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Trout Hike - Upper Sacramento (CA - Castle Crag)
Friday, July 03, 2009

Just a quick post as we move into the Fourth of July holiday weekend.

My program was canceled by the government about a month ago and I've had to move on to a new job inside the company. The biggest thing I will regret about the change is that I will no longer have the business trips to California that I can extend on my own dime to investigate the great trout waters in Northern California. Likewise, my late afternoons of fishing in Gaithersburg on the Upper Potomac while I wait for the traffic to die down are also done. A sad state of affairs....

On one of those extended California trips, I enjoyed fishing the Upper Sacramento off I5 at Castle Crag.  Unlike most of the River, this location is stocked by the state and the entrance to the fishable water is through a state park.  After paying the honor fee to use the Park, I parked the car and walked about a mile up the well defined trail that parallels the River on the southern bank.  Once I got a mile upstream, I figured I'd put most of the pressure behind me and began to fish my way back down. Although you can use bait and any other type of equipment in this area, I saw little evidence of other humans once I got about a quarter mile upstream.

I worked my way down starting with nymphs and switching over to dry flies once the sun hit the water and I began to see trout feeding on the surface. Even though I was there two years ago and have just now gotten around to documenting this trip, I can see it in my minds eye with crystal clarity.

This section of the Upper Sacramento is Northern California at its best. There was plenty of rocky structure poking up through the crystal clear water framed by deep green trees and high blue skies. As I sit here, I can still feel the crisp, cold water pressed against my waders pushing me downstream a little bit faster than I would've preferred to go. A light wind kept it cool even though this was the middle of summer. About halfway down, I remember crawling out of the stream and sitting on a flat rock with my face to the sun to catch a few warm California rays in a feeble attempt to darken my office white skin. The only thing that broke the tranquility was the sour smell of the beef jerky that was my lunch... Geez... what a great place.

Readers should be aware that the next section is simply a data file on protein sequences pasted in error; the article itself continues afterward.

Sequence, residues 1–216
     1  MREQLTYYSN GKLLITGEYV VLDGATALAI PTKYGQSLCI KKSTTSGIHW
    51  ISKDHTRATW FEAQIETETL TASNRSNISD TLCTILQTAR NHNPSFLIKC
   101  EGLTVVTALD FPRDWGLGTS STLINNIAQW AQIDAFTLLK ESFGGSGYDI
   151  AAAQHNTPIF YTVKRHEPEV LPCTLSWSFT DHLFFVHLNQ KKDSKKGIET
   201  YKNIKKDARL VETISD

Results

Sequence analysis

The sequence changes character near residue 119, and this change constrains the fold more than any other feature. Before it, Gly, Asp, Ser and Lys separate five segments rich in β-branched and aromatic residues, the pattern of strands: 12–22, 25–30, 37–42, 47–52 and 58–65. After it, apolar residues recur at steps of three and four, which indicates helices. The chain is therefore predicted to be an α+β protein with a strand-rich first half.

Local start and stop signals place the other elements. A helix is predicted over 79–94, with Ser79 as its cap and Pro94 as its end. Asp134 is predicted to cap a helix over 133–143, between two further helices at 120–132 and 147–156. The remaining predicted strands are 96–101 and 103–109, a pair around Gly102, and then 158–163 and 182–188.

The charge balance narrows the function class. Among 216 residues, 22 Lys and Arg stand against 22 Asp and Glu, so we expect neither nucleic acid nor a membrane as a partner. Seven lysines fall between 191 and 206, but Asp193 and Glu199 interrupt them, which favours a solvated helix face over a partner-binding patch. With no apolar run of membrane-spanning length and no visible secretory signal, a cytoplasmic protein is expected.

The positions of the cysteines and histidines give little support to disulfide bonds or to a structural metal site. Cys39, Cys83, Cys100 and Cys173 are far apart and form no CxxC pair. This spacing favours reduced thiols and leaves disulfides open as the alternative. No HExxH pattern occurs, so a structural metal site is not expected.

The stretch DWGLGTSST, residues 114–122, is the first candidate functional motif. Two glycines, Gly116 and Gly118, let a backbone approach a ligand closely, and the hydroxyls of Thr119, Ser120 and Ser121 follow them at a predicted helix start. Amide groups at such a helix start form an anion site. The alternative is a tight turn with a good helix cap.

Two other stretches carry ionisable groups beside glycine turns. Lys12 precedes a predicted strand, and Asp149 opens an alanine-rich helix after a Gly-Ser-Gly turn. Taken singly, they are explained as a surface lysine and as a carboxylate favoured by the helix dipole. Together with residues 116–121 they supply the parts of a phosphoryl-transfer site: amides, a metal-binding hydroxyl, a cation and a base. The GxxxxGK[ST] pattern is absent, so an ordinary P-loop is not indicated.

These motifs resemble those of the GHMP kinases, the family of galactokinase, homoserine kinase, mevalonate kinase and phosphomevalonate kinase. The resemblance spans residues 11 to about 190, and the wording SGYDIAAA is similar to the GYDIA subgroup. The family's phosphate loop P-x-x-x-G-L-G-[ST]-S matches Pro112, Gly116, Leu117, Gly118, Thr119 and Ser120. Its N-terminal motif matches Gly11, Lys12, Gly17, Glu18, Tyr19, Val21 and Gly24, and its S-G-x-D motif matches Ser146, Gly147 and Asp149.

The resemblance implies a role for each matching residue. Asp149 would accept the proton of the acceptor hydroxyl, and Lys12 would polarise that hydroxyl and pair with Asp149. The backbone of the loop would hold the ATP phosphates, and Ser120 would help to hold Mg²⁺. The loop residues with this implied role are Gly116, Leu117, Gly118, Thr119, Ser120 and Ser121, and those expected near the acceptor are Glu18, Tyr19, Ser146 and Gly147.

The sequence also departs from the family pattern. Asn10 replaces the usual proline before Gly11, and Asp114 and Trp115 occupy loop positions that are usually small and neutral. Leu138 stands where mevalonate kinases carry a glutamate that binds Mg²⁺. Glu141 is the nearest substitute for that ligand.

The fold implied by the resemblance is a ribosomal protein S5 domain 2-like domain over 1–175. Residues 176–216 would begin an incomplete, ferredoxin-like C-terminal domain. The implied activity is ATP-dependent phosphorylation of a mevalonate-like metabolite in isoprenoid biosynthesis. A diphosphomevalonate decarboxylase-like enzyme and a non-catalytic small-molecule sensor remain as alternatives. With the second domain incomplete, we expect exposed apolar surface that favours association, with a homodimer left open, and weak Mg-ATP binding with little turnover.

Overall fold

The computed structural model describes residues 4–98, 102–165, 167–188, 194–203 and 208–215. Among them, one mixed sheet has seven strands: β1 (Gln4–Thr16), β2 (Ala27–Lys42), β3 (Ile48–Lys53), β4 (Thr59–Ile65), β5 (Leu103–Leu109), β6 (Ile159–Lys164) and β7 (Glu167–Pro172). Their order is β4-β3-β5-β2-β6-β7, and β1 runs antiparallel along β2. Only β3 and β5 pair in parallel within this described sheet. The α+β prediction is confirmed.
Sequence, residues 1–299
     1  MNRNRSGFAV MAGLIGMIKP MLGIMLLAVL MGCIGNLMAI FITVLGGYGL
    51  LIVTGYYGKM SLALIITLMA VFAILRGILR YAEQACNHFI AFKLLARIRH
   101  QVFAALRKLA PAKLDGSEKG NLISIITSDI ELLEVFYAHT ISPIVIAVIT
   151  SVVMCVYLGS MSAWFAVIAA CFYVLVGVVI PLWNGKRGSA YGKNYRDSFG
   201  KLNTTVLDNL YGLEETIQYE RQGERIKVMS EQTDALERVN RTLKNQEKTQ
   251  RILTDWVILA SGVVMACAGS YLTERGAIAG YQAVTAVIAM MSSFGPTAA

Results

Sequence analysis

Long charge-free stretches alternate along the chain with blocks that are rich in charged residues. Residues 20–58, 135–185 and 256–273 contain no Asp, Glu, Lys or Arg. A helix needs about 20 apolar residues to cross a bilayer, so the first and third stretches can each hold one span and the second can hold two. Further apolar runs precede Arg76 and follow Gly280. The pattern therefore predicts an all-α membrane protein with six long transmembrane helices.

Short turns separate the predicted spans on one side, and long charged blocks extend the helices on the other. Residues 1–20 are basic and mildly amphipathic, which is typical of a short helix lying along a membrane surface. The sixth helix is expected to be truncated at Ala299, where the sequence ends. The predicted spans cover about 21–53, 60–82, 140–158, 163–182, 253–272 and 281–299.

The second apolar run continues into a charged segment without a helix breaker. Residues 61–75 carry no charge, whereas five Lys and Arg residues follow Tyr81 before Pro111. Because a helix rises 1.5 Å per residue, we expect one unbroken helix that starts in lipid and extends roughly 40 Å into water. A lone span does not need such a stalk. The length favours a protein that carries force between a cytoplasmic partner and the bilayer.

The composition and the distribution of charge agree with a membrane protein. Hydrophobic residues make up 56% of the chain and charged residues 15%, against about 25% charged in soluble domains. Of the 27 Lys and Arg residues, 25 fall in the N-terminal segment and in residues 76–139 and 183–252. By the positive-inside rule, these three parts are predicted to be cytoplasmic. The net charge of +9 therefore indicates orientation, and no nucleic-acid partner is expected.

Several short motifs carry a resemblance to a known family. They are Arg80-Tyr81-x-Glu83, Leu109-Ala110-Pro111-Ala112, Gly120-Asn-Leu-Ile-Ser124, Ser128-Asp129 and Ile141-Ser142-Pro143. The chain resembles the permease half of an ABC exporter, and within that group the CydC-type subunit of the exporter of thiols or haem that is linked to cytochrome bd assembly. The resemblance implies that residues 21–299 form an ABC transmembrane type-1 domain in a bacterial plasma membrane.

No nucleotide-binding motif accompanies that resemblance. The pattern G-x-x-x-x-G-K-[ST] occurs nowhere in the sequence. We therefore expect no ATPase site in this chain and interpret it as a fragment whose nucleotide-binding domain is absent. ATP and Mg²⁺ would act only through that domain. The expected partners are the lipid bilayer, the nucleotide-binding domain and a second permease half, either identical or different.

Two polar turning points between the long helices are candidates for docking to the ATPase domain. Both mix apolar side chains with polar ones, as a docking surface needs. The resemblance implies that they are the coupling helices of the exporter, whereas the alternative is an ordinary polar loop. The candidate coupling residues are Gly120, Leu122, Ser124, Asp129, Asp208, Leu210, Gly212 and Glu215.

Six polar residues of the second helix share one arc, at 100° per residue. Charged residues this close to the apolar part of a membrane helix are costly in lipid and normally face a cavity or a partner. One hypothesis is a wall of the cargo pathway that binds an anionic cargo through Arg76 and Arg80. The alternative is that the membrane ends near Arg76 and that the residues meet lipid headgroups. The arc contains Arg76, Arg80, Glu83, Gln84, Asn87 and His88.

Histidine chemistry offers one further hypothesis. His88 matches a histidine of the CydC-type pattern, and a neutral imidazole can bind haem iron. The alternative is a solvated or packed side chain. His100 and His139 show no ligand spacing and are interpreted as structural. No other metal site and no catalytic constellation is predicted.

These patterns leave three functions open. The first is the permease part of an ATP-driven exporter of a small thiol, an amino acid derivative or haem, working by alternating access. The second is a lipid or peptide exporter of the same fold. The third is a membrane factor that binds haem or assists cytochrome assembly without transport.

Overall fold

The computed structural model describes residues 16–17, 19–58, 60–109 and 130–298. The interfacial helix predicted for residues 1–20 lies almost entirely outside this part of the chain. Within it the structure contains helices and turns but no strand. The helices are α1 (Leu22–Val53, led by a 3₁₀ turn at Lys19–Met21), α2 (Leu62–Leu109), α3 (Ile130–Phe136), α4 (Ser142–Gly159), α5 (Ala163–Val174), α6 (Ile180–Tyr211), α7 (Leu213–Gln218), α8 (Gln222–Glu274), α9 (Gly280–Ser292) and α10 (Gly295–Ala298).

While the action was not spectacular, it was good enough to make for an enjoyable day.

Bottom Line: The entire upper Sacramento River north of Redding is a classic trout fishing destination. From here, you can launch out to the Trinity, the McCloud and the Pit River -- all of which are famous in their own right. Although I hated those five-hour plane flights to the West Coast, I didn't mind the five-hour drive from the San Francisco area to get this heaven on earth. If you are in California and can take the time, you have to fish here.

Pressure Trout Size
Physical Fitness Bass Size N/A
Access Regulations
Hard to Find Stocking
Scenery Overall

Remember to refer to my rating explanations - these are based on what I look for - so RED for Physical Fitness translates to easy physically - you do not need to be in shape to fish this section.  I prefer terrain that is tough to get into and out of.

 




Getting There:  Just go to the Fly Shop in Redding and pick up the tourist brochure - it will provide exceptionally detailed driving directions on how to get here.  There is also a special map you can buy that is huge and shows every access point on the brochure as well as some others.  The map also has guidance on what to use and a description of the type of water to expect.

GPS Coordinates: 41.150062,-122.307701

Date Fished: 6/10/2007

Well.. it does look a little bit like the North Branch !!

 Unless stated otherwise, this article was authored by Steve Moore

Disclaimer and Warning:  The contents of this site reflect the opinion of the author and you, the reader, must exercise care in the use and interpretation of this information.  Fishing is a dangerous sport.  You can slip and fall on rocks and sustain severe injury.  You can drown.  You can get hooks caught in your skin, face, eyes or other sensitive places.  All sorts of bad things can happen to you when to go into the woods to visit the places documented here.  Forests, streams and lakes are wild areas and any number of bad things can happen.  You must make your own judgment in terms of acceptable behavior and risk and not rely on anything posted here.  Calibrated Consulting, Inc disclaims all liability and responsibility for any actions you take as a result of reading the articles on this site.  If you do not agree with this, you should not read anything posted on this site.

Finally, access points may be different or restricted based on changes in property ownership since posting the original article.  It is up to you to make sure you are fishing where it is legal.

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